The lay faithful “must know that they can turn to the nuncio when there are issues that have repercussions in the pastoral ministry of bishops,” according to the Congregation for the Doctrine of the Faith’s promoter of justice.
At a June 18 news conference devoted to an upcoming conference on the clerical abuse scandal, Msgr. Charles Scicluna was asked, “And when the bishops are not good shepherds, what can be done?” He replied:
On giving bishops parameters for action, the Circular Letter sent by the Congregation for the Doctrine of the Faith represents a very strong sign on the part of the Holy See. When we receive bishops on their “ad limina” visits we realize that there is a widespread awareness of the problem and also of the Pope’s position in this regard. Moreover, each faithful has the right to express his concern about the diocese directly to the Holy See, through the nuncio. My work has made me appreciate very much the activity of the nuncios, who represent to the local community, not only to the governments, the closeness of the Holy Father.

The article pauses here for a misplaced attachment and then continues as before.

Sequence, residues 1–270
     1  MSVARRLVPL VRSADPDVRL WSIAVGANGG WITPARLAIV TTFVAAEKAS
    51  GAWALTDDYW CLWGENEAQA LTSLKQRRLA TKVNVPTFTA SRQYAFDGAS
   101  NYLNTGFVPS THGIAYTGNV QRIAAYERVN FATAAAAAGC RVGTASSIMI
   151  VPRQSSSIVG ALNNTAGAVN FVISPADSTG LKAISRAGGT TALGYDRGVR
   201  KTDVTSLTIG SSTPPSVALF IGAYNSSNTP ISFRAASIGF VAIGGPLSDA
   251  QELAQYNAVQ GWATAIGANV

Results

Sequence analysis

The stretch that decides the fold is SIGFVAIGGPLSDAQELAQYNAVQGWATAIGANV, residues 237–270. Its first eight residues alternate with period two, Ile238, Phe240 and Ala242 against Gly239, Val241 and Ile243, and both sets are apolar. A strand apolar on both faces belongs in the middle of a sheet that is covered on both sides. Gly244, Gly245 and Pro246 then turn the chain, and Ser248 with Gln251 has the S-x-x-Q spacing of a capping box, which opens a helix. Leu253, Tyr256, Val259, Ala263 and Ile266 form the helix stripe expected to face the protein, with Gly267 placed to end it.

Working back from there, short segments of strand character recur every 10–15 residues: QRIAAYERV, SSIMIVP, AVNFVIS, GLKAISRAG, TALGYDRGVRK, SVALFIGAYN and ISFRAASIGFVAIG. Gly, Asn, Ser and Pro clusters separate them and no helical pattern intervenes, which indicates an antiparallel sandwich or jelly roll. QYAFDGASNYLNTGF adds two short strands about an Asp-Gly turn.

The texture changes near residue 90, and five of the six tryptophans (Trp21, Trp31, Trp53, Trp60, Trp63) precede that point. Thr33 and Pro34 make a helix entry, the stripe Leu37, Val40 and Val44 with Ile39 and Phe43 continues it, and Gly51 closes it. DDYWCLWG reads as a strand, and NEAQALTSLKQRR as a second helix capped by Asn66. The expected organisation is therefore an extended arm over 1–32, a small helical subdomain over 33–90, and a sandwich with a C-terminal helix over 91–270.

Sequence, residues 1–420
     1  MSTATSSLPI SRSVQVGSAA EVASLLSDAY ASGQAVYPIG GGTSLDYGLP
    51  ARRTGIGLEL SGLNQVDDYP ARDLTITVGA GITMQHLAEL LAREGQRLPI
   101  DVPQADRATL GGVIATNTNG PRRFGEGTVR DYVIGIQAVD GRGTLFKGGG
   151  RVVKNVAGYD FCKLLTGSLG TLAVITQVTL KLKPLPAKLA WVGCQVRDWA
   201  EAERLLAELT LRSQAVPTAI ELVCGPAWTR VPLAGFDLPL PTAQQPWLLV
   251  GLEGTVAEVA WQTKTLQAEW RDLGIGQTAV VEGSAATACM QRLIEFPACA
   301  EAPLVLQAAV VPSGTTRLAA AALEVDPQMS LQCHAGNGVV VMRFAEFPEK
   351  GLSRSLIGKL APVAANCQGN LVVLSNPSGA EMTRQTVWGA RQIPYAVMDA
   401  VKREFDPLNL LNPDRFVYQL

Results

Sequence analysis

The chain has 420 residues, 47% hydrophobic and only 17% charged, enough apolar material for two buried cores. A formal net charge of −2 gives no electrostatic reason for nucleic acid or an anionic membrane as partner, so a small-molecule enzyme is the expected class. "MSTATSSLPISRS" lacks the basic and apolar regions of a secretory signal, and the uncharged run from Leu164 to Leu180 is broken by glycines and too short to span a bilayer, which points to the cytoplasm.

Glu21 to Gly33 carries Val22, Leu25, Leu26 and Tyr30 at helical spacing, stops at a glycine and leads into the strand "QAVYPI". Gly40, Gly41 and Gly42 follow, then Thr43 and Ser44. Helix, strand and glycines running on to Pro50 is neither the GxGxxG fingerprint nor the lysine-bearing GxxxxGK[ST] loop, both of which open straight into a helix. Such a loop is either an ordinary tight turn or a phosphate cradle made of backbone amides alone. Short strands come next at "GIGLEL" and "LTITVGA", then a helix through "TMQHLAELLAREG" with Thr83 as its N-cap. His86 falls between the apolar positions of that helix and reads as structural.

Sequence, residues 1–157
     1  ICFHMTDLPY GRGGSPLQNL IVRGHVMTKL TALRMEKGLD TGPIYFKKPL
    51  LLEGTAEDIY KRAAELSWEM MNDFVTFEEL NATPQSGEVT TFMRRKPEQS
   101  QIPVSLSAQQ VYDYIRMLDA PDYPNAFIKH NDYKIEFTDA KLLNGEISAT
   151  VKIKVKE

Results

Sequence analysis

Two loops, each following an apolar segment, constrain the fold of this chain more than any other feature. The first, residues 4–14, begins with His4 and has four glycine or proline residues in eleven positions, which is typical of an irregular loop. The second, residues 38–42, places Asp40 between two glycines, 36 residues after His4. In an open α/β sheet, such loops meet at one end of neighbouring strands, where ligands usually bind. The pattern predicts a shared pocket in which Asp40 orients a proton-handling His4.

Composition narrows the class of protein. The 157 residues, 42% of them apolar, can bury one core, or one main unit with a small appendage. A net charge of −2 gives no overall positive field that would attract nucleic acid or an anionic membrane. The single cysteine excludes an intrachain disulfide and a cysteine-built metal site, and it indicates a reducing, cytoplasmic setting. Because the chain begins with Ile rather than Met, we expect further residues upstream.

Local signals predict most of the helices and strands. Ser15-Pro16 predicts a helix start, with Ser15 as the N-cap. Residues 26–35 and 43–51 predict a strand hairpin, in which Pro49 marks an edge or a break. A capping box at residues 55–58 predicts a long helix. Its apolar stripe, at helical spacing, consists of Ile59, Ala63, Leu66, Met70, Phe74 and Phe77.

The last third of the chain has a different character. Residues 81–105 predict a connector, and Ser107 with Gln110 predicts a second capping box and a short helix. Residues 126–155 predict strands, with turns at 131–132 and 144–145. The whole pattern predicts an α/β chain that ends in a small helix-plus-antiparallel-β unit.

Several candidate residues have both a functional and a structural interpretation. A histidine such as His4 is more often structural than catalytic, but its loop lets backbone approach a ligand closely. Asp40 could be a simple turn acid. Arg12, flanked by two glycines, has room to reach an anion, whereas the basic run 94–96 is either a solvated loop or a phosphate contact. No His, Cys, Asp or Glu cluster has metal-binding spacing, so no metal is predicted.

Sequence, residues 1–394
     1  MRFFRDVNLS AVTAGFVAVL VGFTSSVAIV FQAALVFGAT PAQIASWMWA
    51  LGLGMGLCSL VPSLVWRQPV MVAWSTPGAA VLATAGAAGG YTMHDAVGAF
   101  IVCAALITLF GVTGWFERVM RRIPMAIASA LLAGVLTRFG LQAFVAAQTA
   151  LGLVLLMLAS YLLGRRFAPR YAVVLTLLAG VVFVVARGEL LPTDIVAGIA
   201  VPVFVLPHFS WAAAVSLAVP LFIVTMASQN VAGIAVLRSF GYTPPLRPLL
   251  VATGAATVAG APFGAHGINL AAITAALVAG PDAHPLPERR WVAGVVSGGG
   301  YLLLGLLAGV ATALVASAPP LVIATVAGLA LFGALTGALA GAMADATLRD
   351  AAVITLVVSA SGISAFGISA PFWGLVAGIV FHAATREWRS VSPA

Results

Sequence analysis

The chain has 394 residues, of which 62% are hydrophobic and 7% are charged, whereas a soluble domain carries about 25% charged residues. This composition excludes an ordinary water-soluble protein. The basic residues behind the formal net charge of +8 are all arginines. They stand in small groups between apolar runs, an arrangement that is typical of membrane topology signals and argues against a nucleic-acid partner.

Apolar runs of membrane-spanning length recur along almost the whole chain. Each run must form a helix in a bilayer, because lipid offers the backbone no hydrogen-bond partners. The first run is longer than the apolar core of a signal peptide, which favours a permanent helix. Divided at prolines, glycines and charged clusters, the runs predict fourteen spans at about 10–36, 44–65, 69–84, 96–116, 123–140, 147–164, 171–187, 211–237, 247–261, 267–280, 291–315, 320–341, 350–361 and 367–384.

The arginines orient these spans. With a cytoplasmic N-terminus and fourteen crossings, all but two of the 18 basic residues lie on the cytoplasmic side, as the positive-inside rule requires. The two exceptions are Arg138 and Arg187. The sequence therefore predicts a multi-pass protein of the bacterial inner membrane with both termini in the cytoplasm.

People must know that they can turn to the nuncio when there are issues that have repercussions in the pastoral ministry of bishops, but not to denounce them, but to say: “We have confidence in the ministry of Peter, which the nuncio represents; we have a concern, and we have the duty, not just the right, to present it to Peter.” This possibility also forms part of the education of the ecclesial community. (Source)
While this is great in theory, and I have no doubt in some cases it actually works, what precisely is Rome going to do when entire swaths of the Episcopacy have a real problem with standing up for some basic morality? After pleas and petitions are sent and nothing happens, there’s nothing left to do but suffer.